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Nevada: State-by-State COVID-19 Guidance

NEVADA

February 18, 2021:

On February 17, 2021, Governor Sisolak issued Emergency Directive 038, which lifts some restrictions applicable to schools and school-related activities, effective February 18 at 12:00 a.m.

Under the Directive, once a county school district, charter school, or private school has been open for in-person instruction for at least 20 days, it may

  • increase the occupancy of school buildings or facilities to the lesser of 250 students or 75% of maximum occupancy; and
  • adopt social distancing protocols with a minimum allowable distance of 3 feet between students and 6 feet between adults and students or other adults.

The Directive permits stricter social distancing standards to be implemented, but in no event shall less restrictive standards be adopted without approval from the Nevada Department of Education and the State’s Chief Medical Officer

Further, school transportation vehicles, including school buses, may now operate at 66% capacity, provided social distancing is maintained to the maximum extent practicable

County school district, charter school, and private school students must wear a face covering unless playing outdoors with social distancing of at least 6 feet, but they may remove their masks while playing an instrument that requires the use of their mouth (excluding singing). Schools wishing to host, organize, or conduct a gathering, event, performance, or other congregation of people in excess of 250 persons must submit a Large Gathering Plan to the local health authority, Nevada Department of Education, and the State Chief Medical Officer for approval.

Full-contact and close-contact sports may resume for competitions provided that competition hosts adopt a Preparedness and Safety Plan and spectators maintain social distancing and wear facial coverings. Full-contact and close-contact sports regulated by the NIAA must comply with guidance promulgated by the NIAA. In addition, the local county school district superintendent must approve commencement of full-contact and close-contact sports in writing to the Nevada Department of Education prior to the commencement of practice for said sports, and individual schools must implement NIAA testing and mitigation plans prior to full-contact and close-contact sports and sports competitions between separate schools. Plans must require minimum weekly testing of coaches, staff, and athletes participating and implement rules and guidance for the use of face coverings by student athletes while both actively and not actively participating in the sporting activity.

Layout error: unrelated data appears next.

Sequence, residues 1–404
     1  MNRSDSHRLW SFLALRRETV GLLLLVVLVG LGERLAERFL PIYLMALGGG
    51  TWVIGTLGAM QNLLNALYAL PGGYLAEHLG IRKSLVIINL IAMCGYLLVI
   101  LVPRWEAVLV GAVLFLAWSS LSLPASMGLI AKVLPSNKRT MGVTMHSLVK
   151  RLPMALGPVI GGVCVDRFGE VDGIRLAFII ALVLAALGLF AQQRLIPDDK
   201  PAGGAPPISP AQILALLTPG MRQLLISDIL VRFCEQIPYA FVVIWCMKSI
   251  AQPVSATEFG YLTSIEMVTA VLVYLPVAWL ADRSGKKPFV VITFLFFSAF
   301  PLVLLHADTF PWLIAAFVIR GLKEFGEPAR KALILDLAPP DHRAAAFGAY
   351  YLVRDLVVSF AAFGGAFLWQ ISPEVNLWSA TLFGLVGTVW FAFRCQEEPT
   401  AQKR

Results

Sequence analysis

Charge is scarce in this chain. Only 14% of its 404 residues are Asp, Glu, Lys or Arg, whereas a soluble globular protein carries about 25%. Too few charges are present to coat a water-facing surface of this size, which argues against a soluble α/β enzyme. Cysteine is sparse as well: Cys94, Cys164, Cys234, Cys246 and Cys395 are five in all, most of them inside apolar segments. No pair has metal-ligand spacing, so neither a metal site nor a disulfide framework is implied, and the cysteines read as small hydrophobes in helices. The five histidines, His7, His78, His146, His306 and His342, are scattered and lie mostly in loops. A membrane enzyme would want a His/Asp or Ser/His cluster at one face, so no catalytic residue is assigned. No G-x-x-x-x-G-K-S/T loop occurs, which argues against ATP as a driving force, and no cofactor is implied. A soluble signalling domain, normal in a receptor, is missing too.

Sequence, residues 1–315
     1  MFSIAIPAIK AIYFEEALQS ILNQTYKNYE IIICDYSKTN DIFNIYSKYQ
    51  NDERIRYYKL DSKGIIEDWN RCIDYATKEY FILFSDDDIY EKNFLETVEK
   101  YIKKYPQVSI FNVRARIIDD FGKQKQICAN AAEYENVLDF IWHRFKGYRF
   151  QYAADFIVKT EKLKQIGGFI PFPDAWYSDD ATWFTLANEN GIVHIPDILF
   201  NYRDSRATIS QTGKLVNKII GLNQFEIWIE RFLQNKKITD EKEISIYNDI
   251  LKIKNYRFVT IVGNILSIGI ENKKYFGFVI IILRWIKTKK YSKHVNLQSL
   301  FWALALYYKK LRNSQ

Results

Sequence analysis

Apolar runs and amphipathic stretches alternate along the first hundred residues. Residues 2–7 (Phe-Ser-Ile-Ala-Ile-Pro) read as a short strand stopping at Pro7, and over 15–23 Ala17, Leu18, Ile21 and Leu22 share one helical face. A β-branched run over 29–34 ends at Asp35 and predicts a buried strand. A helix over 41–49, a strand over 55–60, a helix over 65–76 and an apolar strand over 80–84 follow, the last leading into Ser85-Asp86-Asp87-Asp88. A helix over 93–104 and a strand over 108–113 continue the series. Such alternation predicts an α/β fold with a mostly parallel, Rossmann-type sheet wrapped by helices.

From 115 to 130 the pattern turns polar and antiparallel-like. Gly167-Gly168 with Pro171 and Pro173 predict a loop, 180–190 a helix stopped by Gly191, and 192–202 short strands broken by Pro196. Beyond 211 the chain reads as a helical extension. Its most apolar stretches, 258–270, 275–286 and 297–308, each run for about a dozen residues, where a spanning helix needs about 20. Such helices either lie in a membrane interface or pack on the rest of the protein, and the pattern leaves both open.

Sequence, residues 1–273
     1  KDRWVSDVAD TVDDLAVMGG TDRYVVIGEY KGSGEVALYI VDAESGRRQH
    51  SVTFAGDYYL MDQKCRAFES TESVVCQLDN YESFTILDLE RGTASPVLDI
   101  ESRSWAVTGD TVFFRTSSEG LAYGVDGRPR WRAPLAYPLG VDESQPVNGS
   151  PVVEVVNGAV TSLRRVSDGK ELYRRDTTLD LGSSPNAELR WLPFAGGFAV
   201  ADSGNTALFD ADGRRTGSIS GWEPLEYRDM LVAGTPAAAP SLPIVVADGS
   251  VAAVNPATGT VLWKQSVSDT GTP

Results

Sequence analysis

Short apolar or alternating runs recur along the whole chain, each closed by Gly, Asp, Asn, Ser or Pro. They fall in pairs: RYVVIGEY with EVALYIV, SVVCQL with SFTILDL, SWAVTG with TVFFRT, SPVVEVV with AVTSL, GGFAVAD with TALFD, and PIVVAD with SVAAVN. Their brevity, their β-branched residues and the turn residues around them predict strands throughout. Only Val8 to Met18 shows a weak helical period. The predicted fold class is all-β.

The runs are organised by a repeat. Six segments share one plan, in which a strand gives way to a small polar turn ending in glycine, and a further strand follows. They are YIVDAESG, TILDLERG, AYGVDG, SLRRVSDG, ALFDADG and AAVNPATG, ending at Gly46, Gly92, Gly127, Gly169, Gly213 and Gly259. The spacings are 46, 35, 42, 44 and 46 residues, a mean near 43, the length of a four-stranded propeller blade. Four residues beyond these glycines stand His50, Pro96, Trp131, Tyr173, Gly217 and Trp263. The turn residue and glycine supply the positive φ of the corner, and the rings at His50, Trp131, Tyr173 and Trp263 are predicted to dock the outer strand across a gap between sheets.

February 15, 2021:

On February 14, 2021, Governor Sisolak issued Emergency Directive 037, which lays out a progressive timeline for lifting COVID-19 related restrictions in effect under previous Emergency Directives. Restrictions will be relaxed on February 15 and March 15. On May 1, Nevada will begin transitioning regulatory authority to local authorities (though statewide face covering and social distancing mandates will remain in place).

Effective February 15, 2021 at 12:00 a.m.:

  • Houses of worship may conduct in person services, but occupancy shall not exceed 50%, seating must be arranged to ensure a minimum of 6 feet of separation between congregants who do not reside in the same household, and participants (including leaders and staff) must wear face coverings.
  • Public gatherings are restricted to the lesser of 100 persons or 35% capacity.
  • Indoor private social gatherings are restricted to 10 or fewer persons, and outdoor private gatherings are restricted to 25 or fewer person, provided that all persons wear face coverings, even when social distancing is observed (excludes gatherings of persons who all live in the same household, persons experiencing homelessness, or organizations providing shelter for persons experience homelessness).
  • Arcades, racetracks, bowling alleys, miniature golf courses, pools halls, amusement and theme parks, and similar activities may allow access to the public so long as the occupancy does not exceed 35%. Food and drinks should be contained to areas designated as restaurants/food courts.
  • Libraries, museums, art galleries, aquariums, and zoos may allow access to the public so long as occupancy does not exceed 50%, all social distancing requirements are satisfied, and all interactive and/or hands-on exhibits remain closed. Food and drinks should be contained to areas designated as restaurants/food courts.
  • Gaming properties shall limit occupancy in gaming areas to no more than 35%.
  • Body art and piercing facilities may reopen to the public so long as:
    • a minimum of 6 feet of separation between customers is maintained if no walls or partitions exist between stations;
    • no more than one customer or client may be seated at any given station;
    • no walk-in customers are accepted;
    • customers waiting for appointments must wait outside the facility and maintain social distancing;
    • artists, employees, and customers wear face coverings at all times;
    • body art and piercings that require mask removal (such as work around the nose and mouth) are prohibited;
    • guests are not permitted to accompany customers; and
    • the establishment complies with all of guidelines promulgated by the Nevada Occupational Safety & Health Administration.
  • Retail stores, including grocery stores, may offer limited self-service food and drinks with mitigation measures in place.